For comparison, also the boundaries of the 50% and 95% probabilities corresponding to the

calculated distribution and correlation of both parameters are shown, i.e. the 50% and 95% of

the patients should lie within these boundaries.

- The change of the calculated population parameters during the iterative procedure.

Parameter values are scaled relative to the initial value.

- Idem, for the calculated standard deviations of the population parameters. Parameter values

are scaled relative to the initial value.

- Idem, for the correlation coefficients between the calculated parameters (actual values).

- Idem, for the summed 'log-likelihood' (actual value).

**Table 3** For all selected patients the individual parameter values.

Showing the results can be interrupted by pressing <F1>.

All results are shown again after pressing <a> in the KinPop menu.

Description of the procedures

Method

**mean**

**SD** The population values of the pharmacokinetic parameters are calculated as the mean of the

individual parameters of N patients (j).

The standard deviations of the population values are calculated as the square root of the

variance (Covarj,j).

The covariance matrix of the population parameters is calculated from:

*[ ( Pj(i) - P j ( ) Pk(i) - Pk Co*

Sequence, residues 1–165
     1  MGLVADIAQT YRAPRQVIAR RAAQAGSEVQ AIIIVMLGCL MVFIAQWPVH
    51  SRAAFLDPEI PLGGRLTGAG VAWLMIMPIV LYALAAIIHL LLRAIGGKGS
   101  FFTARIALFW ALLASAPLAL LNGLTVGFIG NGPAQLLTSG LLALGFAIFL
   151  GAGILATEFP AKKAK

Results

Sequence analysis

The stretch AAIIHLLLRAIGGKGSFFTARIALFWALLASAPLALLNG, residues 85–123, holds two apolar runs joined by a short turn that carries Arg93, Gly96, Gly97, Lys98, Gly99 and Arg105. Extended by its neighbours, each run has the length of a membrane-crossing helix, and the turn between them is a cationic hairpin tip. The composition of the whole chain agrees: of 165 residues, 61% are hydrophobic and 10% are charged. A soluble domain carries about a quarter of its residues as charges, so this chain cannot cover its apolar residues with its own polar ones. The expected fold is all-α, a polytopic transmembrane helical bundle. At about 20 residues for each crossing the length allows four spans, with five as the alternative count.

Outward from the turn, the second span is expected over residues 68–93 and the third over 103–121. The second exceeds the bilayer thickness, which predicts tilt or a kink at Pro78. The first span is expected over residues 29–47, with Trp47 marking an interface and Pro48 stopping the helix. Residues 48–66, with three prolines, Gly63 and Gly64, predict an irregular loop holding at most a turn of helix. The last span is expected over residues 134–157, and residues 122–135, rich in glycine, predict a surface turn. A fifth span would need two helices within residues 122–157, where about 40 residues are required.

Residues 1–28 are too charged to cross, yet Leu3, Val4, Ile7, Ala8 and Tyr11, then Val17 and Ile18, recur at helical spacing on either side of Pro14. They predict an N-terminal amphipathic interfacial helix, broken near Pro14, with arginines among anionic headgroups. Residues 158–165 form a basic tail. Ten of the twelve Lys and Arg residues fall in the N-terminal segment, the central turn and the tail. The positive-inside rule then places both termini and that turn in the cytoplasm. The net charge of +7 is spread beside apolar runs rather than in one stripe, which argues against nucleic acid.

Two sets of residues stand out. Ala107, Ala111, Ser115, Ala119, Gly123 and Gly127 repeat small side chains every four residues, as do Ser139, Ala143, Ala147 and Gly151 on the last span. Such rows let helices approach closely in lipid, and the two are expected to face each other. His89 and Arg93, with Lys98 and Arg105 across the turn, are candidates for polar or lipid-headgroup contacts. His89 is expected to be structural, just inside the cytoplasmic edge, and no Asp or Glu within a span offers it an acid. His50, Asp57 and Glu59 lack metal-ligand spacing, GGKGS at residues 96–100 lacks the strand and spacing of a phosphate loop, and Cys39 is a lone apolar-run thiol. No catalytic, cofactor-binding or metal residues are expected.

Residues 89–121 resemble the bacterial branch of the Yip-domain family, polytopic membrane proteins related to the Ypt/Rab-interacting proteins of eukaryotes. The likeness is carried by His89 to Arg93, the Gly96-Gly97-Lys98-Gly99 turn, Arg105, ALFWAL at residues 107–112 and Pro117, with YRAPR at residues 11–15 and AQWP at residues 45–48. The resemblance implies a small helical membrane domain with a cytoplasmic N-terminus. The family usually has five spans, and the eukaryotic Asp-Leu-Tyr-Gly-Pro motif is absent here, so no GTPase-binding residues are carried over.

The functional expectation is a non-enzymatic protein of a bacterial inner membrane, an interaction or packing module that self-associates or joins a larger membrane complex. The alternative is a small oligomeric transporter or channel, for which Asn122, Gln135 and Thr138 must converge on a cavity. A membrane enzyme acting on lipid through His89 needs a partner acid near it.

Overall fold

covariance of population parameters j and k
mean value of parameter j (in N patients)
covariance of parameters j and k in patient i
In case of a log-normal distribution of the parameter, the values Pj refer to the logarithm (base e) of the parameter value. The standard error of parameter j in patient i, as shown after fitting of each patient is equal to the square root of Covarj,j(i)). Note: The individual parameter estimates obtained by the Bayesian procedure are different from the estimates of that parameter obtained with 'Bayes OFF'. The parameter values are moved into the direction of the population mean, and represent the most likely values given the measurement for that patient and given the distribution of the parameter in the population; this is the Bayesian principle. The less information is obtained for the individual patient, the more the parameter for that patient is moved to the population mean. The more information is obtained for the individual patient, the more the parameter for that patient moves to the value which would be obtained with 'Bayes OFF'. As a result, the standard deviation of the individual parameter values is not an unbiased estimate of the population standard deviation: it is too small. By taking into account the term Covarj,k(i) in the equation given above, an unbiased estimate of the interindividual standard deviation is obtained. The correlation matrix of the population parameters is calculated from: